A Dallas man who was in contact with the first person to be diagnosed with the Ebola virus in the U.S. said in an interview that the Liberian native had been weak and ill in an apartment after trying to seek help at a hospital days earlier.
Joe Joe Jallah said he met the man diagnosed with Ebola, Thomas Eric Duncan, last week when visiting Jallah’s former wife, Louise Troh, the same woman Duncan had come to see in the U.S.
Numerous members of the Liberian community in North Texas confirmed that Duncan traveled to the U.S. to visit Troh, who is also from Liberia. Troh declined to speak about the situation when reached by phone.
Jallah, who believed that this was Duncan’s first trip to the U.S., said he was anxious to hear from Duncan about the situation in Liberia, where Ebola has ravaged parts of the country.
He listened as Duncan described how dire things had become in Liberia, and how rigorous the health screenings were during his trip to the U.S.
Several days later, on Saturday, Jallah said he had heard that Duncan had fallen ill.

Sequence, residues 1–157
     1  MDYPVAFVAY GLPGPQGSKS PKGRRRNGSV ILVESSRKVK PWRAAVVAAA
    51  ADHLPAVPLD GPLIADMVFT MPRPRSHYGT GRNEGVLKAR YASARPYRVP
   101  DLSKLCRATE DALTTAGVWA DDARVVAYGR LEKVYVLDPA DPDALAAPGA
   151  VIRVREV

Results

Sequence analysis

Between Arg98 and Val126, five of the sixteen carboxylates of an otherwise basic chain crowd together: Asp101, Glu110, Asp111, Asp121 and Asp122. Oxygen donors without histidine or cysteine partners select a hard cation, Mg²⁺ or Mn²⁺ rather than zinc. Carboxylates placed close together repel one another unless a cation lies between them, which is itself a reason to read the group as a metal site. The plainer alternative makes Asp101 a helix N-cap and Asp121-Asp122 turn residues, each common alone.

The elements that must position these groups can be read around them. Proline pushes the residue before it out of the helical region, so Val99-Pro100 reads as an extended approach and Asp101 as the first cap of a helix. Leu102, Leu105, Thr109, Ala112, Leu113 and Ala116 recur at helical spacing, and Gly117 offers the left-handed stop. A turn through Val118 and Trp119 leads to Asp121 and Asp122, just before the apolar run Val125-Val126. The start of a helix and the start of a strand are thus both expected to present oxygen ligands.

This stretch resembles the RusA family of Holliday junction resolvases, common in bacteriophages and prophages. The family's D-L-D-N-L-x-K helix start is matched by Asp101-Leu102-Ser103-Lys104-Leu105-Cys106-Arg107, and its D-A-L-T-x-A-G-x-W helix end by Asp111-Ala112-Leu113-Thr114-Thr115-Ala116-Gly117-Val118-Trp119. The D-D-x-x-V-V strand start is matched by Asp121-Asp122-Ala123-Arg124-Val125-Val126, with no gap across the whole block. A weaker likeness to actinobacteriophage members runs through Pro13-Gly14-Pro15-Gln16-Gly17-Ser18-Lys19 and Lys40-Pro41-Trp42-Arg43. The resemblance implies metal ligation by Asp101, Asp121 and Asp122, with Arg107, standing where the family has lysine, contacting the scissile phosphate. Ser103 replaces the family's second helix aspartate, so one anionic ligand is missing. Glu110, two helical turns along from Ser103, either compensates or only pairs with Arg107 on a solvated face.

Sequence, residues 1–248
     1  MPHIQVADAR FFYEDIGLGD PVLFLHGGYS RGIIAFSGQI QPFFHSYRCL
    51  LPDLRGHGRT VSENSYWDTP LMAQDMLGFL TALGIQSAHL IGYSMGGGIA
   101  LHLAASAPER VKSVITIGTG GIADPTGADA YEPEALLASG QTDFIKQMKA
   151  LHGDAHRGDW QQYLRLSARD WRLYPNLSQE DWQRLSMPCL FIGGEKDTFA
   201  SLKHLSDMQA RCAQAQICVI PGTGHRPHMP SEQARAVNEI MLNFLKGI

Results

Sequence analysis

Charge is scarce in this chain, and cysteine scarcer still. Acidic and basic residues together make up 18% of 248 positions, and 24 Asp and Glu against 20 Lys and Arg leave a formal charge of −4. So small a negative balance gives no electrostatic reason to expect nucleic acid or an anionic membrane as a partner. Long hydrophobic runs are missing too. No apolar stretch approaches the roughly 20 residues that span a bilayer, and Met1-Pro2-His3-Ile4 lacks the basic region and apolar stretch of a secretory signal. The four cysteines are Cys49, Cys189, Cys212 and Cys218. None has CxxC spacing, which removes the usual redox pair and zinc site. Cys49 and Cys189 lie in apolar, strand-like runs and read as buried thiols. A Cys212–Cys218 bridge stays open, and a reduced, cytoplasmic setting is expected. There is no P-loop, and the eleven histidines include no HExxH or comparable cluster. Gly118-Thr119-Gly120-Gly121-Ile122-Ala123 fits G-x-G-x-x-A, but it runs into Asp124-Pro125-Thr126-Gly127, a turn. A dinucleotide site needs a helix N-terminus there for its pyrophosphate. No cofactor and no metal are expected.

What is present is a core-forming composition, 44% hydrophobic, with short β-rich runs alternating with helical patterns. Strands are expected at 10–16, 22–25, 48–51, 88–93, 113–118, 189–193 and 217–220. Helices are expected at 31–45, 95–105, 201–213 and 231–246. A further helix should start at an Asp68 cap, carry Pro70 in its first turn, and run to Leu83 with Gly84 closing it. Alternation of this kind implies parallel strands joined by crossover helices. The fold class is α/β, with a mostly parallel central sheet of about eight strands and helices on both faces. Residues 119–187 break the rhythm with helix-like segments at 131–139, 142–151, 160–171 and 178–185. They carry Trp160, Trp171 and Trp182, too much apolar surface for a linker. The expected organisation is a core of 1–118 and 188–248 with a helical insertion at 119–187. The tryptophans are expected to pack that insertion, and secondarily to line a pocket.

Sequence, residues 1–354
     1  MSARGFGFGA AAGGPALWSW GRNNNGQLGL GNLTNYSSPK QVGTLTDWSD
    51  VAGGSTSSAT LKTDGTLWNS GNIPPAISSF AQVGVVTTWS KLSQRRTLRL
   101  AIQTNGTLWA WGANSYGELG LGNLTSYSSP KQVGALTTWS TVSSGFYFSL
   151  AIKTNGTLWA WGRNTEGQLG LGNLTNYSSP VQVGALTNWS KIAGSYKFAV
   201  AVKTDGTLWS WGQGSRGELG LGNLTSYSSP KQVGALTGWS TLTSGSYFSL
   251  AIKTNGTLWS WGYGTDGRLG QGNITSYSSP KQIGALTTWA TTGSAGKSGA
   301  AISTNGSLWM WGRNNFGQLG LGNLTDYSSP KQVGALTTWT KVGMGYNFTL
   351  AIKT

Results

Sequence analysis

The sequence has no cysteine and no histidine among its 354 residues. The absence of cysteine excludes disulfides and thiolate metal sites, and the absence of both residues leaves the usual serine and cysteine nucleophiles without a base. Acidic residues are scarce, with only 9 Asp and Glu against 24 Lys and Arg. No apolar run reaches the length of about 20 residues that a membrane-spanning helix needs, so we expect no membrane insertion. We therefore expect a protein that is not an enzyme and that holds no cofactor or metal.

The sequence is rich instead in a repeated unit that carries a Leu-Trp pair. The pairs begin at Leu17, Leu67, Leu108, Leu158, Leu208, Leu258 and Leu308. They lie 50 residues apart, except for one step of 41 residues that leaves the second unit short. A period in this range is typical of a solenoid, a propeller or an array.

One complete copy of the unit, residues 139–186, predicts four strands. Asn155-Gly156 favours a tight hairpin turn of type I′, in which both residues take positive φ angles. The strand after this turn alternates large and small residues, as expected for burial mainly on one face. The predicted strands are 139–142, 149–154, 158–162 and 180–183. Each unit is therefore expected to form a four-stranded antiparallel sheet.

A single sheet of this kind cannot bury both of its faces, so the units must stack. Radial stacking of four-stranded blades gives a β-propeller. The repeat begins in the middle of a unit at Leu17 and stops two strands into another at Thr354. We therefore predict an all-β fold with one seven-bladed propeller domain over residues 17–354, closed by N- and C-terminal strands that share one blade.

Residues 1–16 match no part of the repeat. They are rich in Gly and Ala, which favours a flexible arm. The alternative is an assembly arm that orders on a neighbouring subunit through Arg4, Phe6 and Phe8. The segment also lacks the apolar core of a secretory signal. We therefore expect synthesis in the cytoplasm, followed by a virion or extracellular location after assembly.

Concerned, Jallah went back to the apartment to check on Duncan.
“He was lying down on the floor with a comforter. He said he was sick and that he had no appetite,” Jallah said. ‘I said, ‘Did you go to the hospital? He said, ‘Yes, but they did nothing for me,’” Jallah recalled. “I said, ‘You should eat so you can gain strength.’ ”
Jallah left to go to work, but returned the next day after his daughter, who lives with Troh, called, sounding frantic, saying that Duncan was still ill.
“When I went back, the man was sitting on the bed. He was drinking coffee or tea. My daughter said let’s call 911, he still doesn’t have an appetite,” Jallah recounted.
Jallah agreed. Troh and her family were growing worried, he said. They all knew that Ebola was tearing through their homeland, though at no time had Duncan talked about coming into contact with sick people before traveling, Jallah said.